It might be a matter of enlarging the whole glyph g, fractionally, to preserve the proportions, then getting the strokes the right weight, or the other way round with the p.

I suspect the non-baseline sitting g-bowl could be playing subtle tricks on the eye in this equation too.

What do the others think?

eliason's picture

I suspect the non-baseline sitting g-bowl could be playing subtle tricks on the eye in this equation too.
That's what I was going to say.

c - does the top curl around too far before terminating?
j - is indeed cramped looking
e - I wasn't sure at first glance (too eager?) but I've decided I really like it. The large counter works great with the flavor of the font that's emerging.

Personally I don't really like the serif-lightening you're doing - foot serif of d and head serif of p in particular look wimpy to me now, at large sizes anyway. But that one inside line we were talking about before looks great to me now.

and your specimen text is very entertaining!

nina's picture

Thanks Craig.
"c - does the top curl around too far before terminating?"
I don't think I get this. :-(
Are you wondering about raising the ball / flattening the top curve?

"foot serif of d and head serif of p in particular look wimpy to me now, at large sizes anyway."
Oh, not good. I agree that cutting off that corner makes them lighter optically, which probably isn't a good thing. Though I'm not sure they don't work okay in text. I should probably put a PDF together soon that has more text at intended text sizes… but that's still going to take a moment – it's pretty hard to think up anything resembling text with only 16 letters! ;-)

nina's picture

Off-topic, sorry – I'm just curious.
Hrant,
"my “e” has a very hard nose, with a totally straight vertical segment at the tip - I got that (partly) from Jens Gehlhaar"
Might there be some Avance influence in it as well? I just noticed this.


Ernestine update coming soonish too. :-)

hrant's picture

I've never looked at the outlines of Avance, and that segment is too small to see by eye. As you can check, in my "e" the segment is so tall even the inside counter has part of it.

hhp

eliason's picture

I don’t think I get this. :-(
Are you wondering about raising the ball / flattening the top curve?

I'm looking at the vertical relation of the top and bottom ends.

The ball at top stretches over the bottom - it shares this with the 'e' (it's what I meant by "eager" in that context) but IMO it doesn't work as well in the 'c'. At first I was going to suggest rolling back the top end, but now I'm thinking to retain the roundness of the whole, it might work better to extend the lower end out (and probably up). I think it can be more different from the bottom of the 'e' (which, with its crossbar, is a different context) than it is, while still maintaining a genetic resemblance.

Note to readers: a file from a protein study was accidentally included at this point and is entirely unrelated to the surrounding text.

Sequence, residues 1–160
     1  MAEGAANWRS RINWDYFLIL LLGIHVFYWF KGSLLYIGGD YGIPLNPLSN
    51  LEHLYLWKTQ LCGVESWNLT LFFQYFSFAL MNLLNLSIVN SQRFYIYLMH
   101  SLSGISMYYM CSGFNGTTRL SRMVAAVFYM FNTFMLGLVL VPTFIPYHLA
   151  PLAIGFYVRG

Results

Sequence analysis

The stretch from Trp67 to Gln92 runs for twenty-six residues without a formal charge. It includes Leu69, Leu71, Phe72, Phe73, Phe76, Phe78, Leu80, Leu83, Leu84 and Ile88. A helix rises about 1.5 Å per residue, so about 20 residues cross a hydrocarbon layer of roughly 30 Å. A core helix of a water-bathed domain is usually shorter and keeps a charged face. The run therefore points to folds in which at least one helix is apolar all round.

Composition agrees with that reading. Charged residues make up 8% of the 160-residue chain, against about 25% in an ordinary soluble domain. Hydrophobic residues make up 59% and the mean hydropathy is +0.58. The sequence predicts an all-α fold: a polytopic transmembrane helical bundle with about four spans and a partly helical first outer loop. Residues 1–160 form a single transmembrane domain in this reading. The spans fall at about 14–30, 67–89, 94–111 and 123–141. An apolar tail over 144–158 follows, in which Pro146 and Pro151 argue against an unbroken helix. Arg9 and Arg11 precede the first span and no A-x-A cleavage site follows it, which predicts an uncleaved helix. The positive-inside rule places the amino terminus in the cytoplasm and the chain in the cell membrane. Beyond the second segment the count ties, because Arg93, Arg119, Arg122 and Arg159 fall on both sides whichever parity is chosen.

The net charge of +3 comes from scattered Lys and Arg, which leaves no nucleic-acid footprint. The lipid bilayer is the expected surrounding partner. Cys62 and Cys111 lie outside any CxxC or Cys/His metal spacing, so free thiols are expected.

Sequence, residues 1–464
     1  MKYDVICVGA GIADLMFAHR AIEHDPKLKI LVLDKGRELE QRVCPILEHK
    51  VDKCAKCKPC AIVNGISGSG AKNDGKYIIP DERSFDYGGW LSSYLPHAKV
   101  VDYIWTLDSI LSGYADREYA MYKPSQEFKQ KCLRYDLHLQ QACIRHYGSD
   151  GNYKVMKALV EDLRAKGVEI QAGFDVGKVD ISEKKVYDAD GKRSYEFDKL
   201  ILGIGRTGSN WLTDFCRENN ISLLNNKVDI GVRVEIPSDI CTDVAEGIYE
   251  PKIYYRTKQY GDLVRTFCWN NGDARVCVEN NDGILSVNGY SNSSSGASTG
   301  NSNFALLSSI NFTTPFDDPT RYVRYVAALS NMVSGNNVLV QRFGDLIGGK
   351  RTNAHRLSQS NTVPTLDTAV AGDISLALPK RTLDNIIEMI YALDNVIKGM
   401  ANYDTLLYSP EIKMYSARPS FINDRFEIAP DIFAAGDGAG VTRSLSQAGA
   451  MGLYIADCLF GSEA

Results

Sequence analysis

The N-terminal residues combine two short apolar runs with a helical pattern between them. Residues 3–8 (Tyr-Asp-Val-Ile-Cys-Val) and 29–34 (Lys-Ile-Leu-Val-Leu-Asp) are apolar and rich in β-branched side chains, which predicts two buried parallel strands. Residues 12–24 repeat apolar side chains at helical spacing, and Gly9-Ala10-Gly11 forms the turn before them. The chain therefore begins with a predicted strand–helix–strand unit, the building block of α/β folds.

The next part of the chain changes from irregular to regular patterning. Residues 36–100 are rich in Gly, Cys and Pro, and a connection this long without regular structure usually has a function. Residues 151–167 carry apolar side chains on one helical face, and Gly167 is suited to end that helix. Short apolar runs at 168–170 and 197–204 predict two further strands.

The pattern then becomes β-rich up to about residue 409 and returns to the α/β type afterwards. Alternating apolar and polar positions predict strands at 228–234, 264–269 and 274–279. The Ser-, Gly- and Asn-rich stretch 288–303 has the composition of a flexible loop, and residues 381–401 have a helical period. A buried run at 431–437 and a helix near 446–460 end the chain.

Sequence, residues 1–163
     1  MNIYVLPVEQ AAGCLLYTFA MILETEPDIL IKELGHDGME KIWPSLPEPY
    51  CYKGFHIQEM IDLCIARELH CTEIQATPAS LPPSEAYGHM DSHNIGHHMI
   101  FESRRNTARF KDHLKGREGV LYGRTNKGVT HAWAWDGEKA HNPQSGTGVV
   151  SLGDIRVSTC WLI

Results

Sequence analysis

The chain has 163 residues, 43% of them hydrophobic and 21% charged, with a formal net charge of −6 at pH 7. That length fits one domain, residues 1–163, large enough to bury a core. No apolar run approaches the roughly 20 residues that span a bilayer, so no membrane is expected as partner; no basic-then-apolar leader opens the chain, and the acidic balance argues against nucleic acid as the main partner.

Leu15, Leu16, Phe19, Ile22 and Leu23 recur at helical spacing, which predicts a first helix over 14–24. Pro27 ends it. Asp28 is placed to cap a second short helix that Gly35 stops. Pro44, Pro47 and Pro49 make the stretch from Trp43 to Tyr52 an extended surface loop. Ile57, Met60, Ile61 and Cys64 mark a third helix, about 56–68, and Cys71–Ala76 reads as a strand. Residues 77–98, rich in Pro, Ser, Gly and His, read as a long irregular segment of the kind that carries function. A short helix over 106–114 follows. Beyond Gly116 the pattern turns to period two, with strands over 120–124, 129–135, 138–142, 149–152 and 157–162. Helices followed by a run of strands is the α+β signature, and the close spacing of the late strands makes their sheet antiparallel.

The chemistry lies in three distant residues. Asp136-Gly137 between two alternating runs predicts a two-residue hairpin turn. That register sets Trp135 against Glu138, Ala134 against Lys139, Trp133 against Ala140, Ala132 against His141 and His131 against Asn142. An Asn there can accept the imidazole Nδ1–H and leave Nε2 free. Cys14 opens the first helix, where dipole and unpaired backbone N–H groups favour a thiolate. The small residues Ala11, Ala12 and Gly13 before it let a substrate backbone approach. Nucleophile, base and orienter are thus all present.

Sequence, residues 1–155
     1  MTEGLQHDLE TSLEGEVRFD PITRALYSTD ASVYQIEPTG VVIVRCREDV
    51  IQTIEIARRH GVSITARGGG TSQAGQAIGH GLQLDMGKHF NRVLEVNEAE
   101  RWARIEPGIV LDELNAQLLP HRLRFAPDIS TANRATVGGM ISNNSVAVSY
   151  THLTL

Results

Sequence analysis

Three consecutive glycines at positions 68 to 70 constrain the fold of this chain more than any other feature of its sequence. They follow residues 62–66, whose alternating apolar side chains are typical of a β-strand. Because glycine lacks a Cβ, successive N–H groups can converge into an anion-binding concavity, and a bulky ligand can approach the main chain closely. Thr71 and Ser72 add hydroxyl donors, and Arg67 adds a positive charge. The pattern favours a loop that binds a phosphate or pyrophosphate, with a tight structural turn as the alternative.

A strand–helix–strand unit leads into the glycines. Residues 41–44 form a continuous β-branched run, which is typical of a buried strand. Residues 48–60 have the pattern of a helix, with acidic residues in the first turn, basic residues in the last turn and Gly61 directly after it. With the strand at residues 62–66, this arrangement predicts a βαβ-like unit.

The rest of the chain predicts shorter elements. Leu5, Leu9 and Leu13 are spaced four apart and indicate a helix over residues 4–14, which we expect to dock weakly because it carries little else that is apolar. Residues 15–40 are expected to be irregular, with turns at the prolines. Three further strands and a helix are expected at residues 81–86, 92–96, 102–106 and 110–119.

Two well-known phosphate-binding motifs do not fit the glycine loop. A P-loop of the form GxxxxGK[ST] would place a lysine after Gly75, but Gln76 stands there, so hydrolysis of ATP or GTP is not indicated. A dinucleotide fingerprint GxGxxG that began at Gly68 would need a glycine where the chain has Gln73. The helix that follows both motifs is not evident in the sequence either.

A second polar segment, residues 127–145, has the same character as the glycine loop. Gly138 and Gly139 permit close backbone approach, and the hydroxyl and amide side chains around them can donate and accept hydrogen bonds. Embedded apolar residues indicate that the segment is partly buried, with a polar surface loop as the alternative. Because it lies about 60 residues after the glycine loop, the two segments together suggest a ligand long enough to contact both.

nina's picture

Ahh, thanks for the explanation, Craig! Does it look top-heavy/overbite-y? Somehow when I moved the bottom out more, it looked strange (like it was having an underbite). I'll try again though, and maybe post some variants.

Cheers Hrant – I was just wondering. :-)

nina's picture

OK. I got immersed in the "s", and it has opened up a little can of worms. :-)
(The changes discussed earlier are still coming up; just got quite caught up in this.)

To recap, the "s" I originally intended has one ball terminal on top and no ball/serif on the bottom (like #2 below). I like the concept, but it kept looking pretty lopsided/contorted/unnatural. So just to open up the field again, I did some thinking about my options; this is what I came up with:

Options I'm definitely unhappy with in grey.
Also, I know the curves still need some work; but I'm hoping not to do the serious tweaking six times! So I hope these are worked out enough to tell if the respective concepts could work.

Some notes/comments –
1: Works, but probably looks too naked in the context of a slab serif font. Also makes me queasy when I think about the caps.
2: Still my favorite, but still a bit awkward; I'm hoping it's only a matter of execution. Would nicely match the "c" while not clashing with the "a".
3: Seems like the obvious solution, but looks too cute and too cluttered/busy to me. Also makes the weak-topped "a" look like a mistake.
4: This struck me after looking at my old typewriter again – typewriter fonts tend to have ball terminals on things like the "a", "c", "j", &c., but outwards-pointing serifs on the "s" (as well as on many caps). I'm not at all happy with it, and don't think it works for Ernestine (see the "q"), but happy I tried it.
5: Tried to combine #2 and #4 in an effort to make #2 less top-heavy. Looks like a zombie up close, and is probably too distracting in text, but was interesting to try.
6: Variation on #4, moving the serifs inside the curves. I like this better than #4, and think it works okay, but doesn't click with too much in the font (except the "z", which isn't there yet).

I'm not quite sure. I think, I think, I'd probably most like to continue on the #2 route; but I'm wondering if you guys think it's actually possible to make it look truly good and balanced (I'm finding it tough). Also, when I think ahead to the terminals on the caps, I'd probably feel most at ease with #2 or maybe #3; though I'm wondering about #6 as well, and any thoughts on the "permissibleness" of #1.

So here's a PDF with all 6 variants tested in a short paragraph at 9pt:
http://www.altaira.de/posted/ernestine-s-6variants.pdf

eliason's picture